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Learning Vector Quantization and Self-organizing Maps

Self-organizing maps, often termed Kohonen maps, are a versatile and widely used tool for exploratory data analysis. Here we were interested in mathematically characterizing the embedding properties of the Self-organizing Map. We proposed robust learning schemes using deterministic annealing and we investigated extensions of the Self-organizing Map to relational data representations which included pairwise data as a special case. Emphasis was given to formulations which are based on cost-functions and optimization, and we investigated, how the different variants of the Self-organizing map relate to each other and to the original Kohonen map. We also studied prototype-based classifiers related to Learning Vector Quantization with a particular focus on improved learning schemes. Self-organizing maps were also investigated in the context of understanding self-organization and pattern formation in neural development. For details see "Research" page "Models of Neural Development".

Acknowledgement: Research was funded by the Technische Universität Berlin.


Selected Publications:

Phase Transitions in Stochastic Self-Organizing Maps
Citation key Graepel1997b
Author Graepel, T. and Burger, M. and Obermayer, K.
Pages 3876 – 3890
Year 1997
DOI 10.1103/PhysRevE.56.3876
Volume 56
Publisher APS
Abstract We describe the development of neighborhood-preserving stochastic maps in terms of a probabilistic clustering problem. Starting from a cost function for central clustering that incorporates distortions from channel noise we derive a soft topographic vector quantization algorithm (STVQ) which is based on the maximum entropy principle and which maximizes the corresponding likelihood in an expectation-maximization (EM) fashion. Among other algorithms a probabilistic version of Kohonen\'s self-organizing map (SOM) is derived from STVQ as a computationally efficient approximation of the E-step. The foundation of STVQ in statistical physics motivates a deterministic annealing scheme in the temperature parameter $\\beta$, and leads to a robust minimization algorithm of the clustering cost function. In particular, this scheme offers an alternative to the common stepwise shrinking of the neighborhood width in the SOM and makes it possible to use its neighborhood function solely to encode the desired neighborhood relations between the clusters. The annealing in $\\beta$, which corresponds to a stepwise refinement of the resolution of representation in data space, leads to the splitting of an existing cluster representation during the ``cooling\'\' process. We describe this phase transition in terms of the covariance matrix C of the data and the transition matrix H of the channel noise and calculate the critical temperatures and modes as functions the eigenvalues and eigenvectors of C and H. The analysis is extended to the phenomenon of the automatic selection of feature dimensions in dimension-reducing maps, thus leading to a ``batch\'\'-alternative to the Fokker-Planck formalism for on-line learning. The results provide insights into the relation between the width of the neighborhood and the temperature parameter $\\beta$: It is shown that the phase transition which leads to the representation of the excess-dimensions can be triggered not only by a change in the statistics of the input data but also by an increase of $\\beta$, which corresponds to a decrease in noise level. The theoretical results are validated by numerical methods. In particular, a quantity equivalent to the heat capacity in thermodynamics is introduced to visualize the properties of the annealing process.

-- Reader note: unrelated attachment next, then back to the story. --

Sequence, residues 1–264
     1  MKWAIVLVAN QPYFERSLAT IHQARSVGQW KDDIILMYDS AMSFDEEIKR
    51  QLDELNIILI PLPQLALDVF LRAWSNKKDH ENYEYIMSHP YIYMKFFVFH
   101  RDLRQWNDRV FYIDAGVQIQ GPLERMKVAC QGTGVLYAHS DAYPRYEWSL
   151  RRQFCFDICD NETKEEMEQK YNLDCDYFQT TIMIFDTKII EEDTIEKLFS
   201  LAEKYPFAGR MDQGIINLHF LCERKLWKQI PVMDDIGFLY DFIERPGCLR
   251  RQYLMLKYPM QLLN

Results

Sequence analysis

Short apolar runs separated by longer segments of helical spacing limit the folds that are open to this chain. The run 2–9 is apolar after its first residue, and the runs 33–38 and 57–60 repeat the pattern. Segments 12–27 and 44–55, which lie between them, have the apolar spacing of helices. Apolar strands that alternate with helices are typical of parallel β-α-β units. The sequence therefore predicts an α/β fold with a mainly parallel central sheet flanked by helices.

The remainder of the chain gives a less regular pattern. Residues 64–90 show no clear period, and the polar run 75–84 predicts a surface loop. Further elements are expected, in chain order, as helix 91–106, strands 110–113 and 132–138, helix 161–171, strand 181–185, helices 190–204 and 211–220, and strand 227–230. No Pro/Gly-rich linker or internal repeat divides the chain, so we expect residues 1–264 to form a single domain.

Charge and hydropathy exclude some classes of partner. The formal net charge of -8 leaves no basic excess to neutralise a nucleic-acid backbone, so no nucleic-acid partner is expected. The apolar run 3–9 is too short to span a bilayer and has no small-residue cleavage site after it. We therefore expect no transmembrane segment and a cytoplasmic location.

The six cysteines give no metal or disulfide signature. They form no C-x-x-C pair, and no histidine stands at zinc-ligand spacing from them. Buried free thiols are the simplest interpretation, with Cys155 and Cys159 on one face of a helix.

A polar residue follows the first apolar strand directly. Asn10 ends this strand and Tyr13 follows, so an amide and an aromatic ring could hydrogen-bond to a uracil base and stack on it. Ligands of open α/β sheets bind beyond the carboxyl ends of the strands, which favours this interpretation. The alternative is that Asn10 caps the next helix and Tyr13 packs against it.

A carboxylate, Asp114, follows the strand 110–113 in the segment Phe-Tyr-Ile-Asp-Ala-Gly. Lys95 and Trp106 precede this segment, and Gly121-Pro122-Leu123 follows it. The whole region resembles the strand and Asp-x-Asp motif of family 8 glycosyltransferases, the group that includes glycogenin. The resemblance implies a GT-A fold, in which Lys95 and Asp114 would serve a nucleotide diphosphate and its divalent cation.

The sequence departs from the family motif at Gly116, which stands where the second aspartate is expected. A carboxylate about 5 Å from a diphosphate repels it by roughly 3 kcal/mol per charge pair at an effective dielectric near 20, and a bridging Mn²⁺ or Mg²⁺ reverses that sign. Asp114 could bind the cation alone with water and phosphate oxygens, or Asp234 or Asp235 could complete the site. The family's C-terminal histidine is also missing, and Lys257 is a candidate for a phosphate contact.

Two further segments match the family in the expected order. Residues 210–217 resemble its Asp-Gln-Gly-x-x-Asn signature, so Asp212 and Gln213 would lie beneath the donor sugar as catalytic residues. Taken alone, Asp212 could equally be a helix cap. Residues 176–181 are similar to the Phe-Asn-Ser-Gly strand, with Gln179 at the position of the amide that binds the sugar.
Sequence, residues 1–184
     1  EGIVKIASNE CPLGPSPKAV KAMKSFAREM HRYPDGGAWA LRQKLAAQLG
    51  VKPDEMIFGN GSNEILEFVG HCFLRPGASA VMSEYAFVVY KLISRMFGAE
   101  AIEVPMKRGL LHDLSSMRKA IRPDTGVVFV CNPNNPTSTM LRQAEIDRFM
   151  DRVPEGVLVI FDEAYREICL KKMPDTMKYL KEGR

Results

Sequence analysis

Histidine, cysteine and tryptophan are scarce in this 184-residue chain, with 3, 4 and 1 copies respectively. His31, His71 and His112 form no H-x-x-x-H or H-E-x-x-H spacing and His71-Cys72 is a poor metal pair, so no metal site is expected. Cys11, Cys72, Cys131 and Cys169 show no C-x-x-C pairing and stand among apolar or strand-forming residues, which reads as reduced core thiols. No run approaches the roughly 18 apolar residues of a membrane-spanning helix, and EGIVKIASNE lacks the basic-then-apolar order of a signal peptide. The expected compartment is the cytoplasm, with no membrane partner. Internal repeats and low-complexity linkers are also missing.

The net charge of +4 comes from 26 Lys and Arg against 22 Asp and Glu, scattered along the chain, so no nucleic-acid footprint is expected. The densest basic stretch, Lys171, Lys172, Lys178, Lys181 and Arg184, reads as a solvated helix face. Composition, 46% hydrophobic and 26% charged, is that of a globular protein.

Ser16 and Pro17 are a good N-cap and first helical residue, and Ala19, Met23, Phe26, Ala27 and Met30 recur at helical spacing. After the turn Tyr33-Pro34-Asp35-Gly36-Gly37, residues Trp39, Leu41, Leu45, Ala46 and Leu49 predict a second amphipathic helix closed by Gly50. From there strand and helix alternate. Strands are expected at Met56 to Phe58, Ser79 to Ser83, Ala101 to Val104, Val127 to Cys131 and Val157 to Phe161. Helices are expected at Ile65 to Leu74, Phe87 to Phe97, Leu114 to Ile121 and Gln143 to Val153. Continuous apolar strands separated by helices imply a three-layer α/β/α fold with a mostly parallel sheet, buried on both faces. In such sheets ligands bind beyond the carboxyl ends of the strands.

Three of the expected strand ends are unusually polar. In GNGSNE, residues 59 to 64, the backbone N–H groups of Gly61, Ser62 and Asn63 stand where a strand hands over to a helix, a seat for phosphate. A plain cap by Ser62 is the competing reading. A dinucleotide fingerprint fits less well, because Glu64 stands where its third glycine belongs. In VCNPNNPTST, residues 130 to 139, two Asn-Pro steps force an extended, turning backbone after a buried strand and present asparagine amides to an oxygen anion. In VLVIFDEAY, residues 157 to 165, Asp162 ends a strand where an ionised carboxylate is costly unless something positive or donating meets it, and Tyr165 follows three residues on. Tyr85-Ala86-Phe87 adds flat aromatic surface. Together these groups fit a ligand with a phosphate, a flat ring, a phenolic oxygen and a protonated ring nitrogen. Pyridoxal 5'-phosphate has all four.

Bibtex Type of Publication Selected:quantization
Link to publication Link to original publication Download Bibtex entry

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